I believe in the individual. The single greatest factor in decision making is myself. I believe that no one can tell me the right or the wrong choice because they are not in my shoes. I hold the keys to my own enlightenment, my own sanity, my own sovereignty, my own etc. The list goes on. In this way I ensure that I am held accountable for my actions and that I deal with them accordingly. I do not need to put my problems onto someone or something else because that just masks the real solution. Therefore, all the ideas and thoughts formulated in my head come from myself and only myself. This way I am the ruler of my domain. I am my own king.

I believe that history is the greatest way to learn about the future. The actions of our ancestors shaped the human race into what it is today. I believe that if we do not pause and reflect on the past from time to time that we will lose grip with the future. I feel that this has happened once again to the world and that the human race needs to stop and reflect on the choices that they have made in the past years and decide if they were the right ones. This was we can fix our mistakes and move one making better choices for our children and their children.

I want to be the best I can be. I believe that I can do this through hard work and dedication. If I put my mind to something there is no stopping me from obtaining my goal. I believe that hard work always pays off and that being lazy never does. Working hard means that I am preparing for the future and ensuring that it is a bright one. Being lazy is just a selfish act that will not advance any goals of mine or the people’s around me.

If I died today I think that I would be mostly content with my life up to this point. I believe that I am going in the right direction for myself. The only thing that I would be disappointed about is that I did not yet finish some goals that I have set out before myself. I do plan on finishing these goals and more that I have not yet set out for myself.

Brooke Bunce

Kate Irby

I grew up with slightly strict parents who treated freedom as a privilege, not a right. They gradually began to give me more freedom as I matured, and once it came I valued it more and more. This also means I began to realize that freedom, while a fundamental right for adults in this country, requires work.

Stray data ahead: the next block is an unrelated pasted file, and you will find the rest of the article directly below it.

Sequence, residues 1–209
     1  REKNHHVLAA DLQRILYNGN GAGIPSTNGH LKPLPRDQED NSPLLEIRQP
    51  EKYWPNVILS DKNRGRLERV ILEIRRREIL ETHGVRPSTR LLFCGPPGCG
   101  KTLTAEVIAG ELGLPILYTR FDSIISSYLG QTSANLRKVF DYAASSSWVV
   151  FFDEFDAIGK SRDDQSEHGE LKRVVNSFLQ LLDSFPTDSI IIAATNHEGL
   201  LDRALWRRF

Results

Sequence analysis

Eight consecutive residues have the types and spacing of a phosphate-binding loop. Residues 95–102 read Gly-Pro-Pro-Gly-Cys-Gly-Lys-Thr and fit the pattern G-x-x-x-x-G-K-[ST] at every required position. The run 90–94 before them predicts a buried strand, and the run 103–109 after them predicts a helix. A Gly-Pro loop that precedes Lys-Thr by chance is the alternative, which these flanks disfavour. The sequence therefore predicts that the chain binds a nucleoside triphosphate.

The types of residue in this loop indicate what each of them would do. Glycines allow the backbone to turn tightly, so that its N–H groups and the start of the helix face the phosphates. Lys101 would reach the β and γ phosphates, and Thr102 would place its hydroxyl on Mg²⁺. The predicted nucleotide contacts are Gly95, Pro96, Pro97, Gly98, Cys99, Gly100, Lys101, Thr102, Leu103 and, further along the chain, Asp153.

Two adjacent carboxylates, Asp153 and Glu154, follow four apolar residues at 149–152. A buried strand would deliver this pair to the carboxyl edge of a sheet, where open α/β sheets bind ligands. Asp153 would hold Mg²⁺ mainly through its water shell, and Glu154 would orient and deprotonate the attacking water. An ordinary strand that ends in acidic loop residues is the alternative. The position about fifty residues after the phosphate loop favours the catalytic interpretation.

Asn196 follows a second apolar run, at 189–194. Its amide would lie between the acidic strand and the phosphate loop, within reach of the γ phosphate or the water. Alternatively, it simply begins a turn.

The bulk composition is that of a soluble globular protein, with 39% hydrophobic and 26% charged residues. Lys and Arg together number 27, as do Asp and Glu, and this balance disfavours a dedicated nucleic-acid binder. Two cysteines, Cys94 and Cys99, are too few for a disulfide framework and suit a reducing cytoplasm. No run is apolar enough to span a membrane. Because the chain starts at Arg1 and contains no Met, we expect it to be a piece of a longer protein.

I dreamt of the day I would turn sixteen since I was very young; I wanted to have a job to earn money and be able to drive on my own. These were my first real opportunities for independence from my parents and I couldn’t wait to experience them. I took the driver’s test as soon as I could and applied for jobs all over the area a week after my sixteenth birthday. I began to pay my own phone bill and whenever I wanted to eat out, go shopping, or see movies with friends I paid for it myself. Though not always a pleasant fact, I started to recognize that while money isn’t the key to happiness, it is to real freedom and independence.

My sister lead a complicated life in her late teens. She became pregnant at sixteen, dropped out of college, fired from her job, evicted from her apartment, and married someone without telling my parents. After she had her second child and she had told my parents about the marriage, her life thankfully calmed down. Now she is happy with her family and her life. But during all of that she was mostly dependent upon my parents or her boyfriend at the time. Now that she is married she depends on her husband financially, though of course he also depends on her to watch their kids. Watching all this happen to her frightened me and showed me why being responsible, going to college, and taking your education and career seriously is so important.